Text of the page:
Warner Music Group Partners With The Sandbox For Virtual Concert Venue

Prabhjeet  |  Jan 28, 2022
Warner Music Group Partners With The Sandbox For Virtual Concert Venue
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Warner Music Group will create a location in the virtual world The Sandbox, and it expects that music fans would show their support by purchasing neighboring real estate. WMG defined its new home as a ‘combination of musical theme park and concert arena’ in a press release. Concerts and other ‘musical experiences’ will be hosted in collaboration with The Sandbox. But it's only talked about one thing so far: a special sale of digital real estate dubbed Land, which Sandbox members can purchase ‘coveted’ pieces of in March. The Sandbox has already collaborated on experiences with specific artists such as Snoop Dogg, but this appears to be a larger and more ambitious project.
"Warner Music has secured the metaverse's equivalent of beachfront property," boasted Oana Ruxandra, WMG's chief digital officer of business development.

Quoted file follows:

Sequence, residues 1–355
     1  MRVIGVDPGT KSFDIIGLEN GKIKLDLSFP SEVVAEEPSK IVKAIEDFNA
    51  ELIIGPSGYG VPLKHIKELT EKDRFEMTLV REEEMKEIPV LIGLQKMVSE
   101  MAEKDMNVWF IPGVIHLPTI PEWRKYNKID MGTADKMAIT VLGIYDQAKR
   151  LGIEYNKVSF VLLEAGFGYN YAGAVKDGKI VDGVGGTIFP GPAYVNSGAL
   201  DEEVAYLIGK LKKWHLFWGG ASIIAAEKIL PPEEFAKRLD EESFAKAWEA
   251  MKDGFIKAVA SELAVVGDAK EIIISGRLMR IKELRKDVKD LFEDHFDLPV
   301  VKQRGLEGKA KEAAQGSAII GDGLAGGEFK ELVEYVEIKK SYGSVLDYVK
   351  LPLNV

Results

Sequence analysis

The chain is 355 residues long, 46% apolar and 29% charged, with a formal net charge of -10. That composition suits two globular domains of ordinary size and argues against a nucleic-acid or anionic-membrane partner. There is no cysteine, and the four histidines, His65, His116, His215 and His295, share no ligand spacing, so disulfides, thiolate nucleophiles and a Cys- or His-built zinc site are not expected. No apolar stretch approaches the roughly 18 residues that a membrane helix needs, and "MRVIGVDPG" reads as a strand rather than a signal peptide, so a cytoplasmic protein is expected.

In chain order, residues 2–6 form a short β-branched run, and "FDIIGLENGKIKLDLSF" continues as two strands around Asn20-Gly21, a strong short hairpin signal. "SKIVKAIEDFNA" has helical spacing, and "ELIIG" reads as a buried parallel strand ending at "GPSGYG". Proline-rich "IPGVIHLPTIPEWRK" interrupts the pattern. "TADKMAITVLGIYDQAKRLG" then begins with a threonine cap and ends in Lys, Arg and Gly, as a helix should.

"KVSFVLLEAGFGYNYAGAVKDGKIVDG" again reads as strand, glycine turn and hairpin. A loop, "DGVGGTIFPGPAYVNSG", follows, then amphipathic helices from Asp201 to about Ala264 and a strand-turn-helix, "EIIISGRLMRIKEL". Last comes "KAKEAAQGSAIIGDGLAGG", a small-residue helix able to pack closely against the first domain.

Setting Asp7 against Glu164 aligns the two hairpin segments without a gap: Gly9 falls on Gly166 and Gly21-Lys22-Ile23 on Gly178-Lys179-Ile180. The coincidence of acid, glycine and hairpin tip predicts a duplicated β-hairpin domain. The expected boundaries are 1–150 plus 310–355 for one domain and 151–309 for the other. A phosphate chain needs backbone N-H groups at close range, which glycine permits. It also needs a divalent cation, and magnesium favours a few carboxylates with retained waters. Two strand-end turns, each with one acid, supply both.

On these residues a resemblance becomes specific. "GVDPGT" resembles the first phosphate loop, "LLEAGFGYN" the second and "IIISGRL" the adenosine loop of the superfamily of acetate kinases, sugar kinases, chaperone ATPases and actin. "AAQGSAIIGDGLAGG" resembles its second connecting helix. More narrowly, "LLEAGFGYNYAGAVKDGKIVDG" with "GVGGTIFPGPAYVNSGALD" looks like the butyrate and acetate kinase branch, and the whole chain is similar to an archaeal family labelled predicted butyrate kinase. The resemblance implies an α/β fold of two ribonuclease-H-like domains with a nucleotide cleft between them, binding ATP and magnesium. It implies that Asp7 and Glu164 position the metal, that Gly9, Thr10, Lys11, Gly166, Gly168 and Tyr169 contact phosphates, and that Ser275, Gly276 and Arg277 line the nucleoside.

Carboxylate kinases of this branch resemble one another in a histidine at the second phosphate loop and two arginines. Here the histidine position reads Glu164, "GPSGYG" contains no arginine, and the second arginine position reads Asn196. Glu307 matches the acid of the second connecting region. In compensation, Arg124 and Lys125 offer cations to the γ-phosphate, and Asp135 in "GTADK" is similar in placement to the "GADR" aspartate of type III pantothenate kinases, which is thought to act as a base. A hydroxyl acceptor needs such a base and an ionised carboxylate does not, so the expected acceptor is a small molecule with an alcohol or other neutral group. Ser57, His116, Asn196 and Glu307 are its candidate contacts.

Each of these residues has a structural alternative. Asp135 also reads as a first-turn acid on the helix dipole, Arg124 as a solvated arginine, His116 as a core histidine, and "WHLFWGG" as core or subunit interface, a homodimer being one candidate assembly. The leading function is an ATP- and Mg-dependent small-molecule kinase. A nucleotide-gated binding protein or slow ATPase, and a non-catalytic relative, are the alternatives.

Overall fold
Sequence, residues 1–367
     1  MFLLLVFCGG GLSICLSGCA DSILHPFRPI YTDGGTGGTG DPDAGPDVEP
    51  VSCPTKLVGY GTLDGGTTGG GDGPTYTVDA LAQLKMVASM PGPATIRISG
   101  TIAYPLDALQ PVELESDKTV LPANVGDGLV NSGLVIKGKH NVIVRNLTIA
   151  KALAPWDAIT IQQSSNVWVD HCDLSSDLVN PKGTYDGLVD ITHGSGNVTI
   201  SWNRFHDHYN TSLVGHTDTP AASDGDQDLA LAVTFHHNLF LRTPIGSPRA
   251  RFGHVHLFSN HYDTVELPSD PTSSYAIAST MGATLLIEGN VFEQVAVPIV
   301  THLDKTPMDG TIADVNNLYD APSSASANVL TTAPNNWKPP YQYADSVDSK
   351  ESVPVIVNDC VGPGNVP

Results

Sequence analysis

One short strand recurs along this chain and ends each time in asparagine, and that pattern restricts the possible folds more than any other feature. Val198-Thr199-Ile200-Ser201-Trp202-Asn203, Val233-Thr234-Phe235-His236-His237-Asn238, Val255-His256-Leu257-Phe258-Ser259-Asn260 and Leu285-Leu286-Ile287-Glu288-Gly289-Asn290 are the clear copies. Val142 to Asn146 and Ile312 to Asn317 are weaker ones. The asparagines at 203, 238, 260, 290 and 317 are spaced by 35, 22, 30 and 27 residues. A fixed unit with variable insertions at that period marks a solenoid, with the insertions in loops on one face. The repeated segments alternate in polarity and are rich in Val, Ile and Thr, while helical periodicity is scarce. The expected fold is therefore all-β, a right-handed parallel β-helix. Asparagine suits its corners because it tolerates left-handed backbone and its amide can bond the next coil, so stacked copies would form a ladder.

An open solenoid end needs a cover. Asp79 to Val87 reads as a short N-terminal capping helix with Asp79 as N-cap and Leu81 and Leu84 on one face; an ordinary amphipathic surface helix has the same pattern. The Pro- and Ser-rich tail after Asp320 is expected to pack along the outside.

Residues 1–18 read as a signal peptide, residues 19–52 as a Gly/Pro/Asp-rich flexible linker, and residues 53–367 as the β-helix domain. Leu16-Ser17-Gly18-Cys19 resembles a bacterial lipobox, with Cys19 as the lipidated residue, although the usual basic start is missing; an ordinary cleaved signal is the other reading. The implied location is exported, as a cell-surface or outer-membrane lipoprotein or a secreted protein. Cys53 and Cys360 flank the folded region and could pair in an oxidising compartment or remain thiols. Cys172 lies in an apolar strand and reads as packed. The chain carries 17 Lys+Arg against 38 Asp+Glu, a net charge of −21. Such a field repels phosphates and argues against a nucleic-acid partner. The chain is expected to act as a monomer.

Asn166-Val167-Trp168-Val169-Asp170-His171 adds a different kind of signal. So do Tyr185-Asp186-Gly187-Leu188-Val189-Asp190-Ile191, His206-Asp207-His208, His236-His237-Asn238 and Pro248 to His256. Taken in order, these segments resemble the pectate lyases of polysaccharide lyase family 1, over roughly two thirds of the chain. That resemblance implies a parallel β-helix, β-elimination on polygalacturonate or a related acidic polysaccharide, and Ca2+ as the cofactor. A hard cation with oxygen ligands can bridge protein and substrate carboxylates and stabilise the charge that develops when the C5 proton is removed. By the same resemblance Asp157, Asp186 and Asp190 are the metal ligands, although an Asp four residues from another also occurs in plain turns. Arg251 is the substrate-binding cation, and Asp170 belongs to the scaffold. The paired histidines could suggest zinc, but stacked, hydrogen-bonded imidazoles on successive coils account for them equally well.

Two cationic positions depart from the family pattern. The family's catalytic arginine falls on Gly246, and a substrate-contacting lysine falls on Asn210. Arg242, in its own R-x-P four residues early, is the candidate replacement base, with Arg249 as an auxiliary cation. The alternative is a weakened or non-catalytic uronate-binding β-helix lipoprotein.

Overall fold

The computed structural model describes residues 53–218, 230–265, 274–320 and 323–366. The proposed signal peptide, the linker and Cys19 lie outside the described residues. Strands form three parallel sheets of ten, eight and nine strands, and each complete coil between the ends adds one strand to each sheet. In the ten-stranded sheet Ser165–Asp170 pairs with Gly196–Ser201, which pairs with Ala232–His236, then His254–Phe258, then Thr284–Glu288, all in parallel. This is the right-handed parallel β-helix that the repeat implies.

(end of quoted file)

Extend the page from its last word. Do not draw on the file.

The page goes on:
The Land sale will include areas next to the WMG property, though WMG did not explain whether this will provide any tangible benefits or if buyers will simply derive emotional satisfaction — and potentially higher real estate prices — from the abstract sense of proximity. The Sandbox's Land sales have precedent in virtual worlds such as Second Life, where firms have opened virtual experiences as well. Virtual concerts have also taken over Fortnite, Minecraft, and Roblox, with the latter signing its own music business deals and hosting ‘listening parties’ where artists may showcase new music. WMG also invested in Wave, a virtual concert platform, last year. The Sandbox, unlike the other platforms mentioned above, is based on blockchain and non-fungible token (or NFT) technology. It's particularly concerned with ownership and allowing players to monetize in-game resources, which is a fundamental component of the ‘metaverse,’ as it's frequently referred to. It has led to a recent campaign to make virtual land a desirable commodity, alongside the similar platform Decentraland, however, some observers remain suspicious of the phenomena. Regardless of the wider economic interests at play, there is one compelling reason to become virtual rather than physical neighbors with a concert venue: if the music becomes too loud, you can just turn your computer off and go to sleep.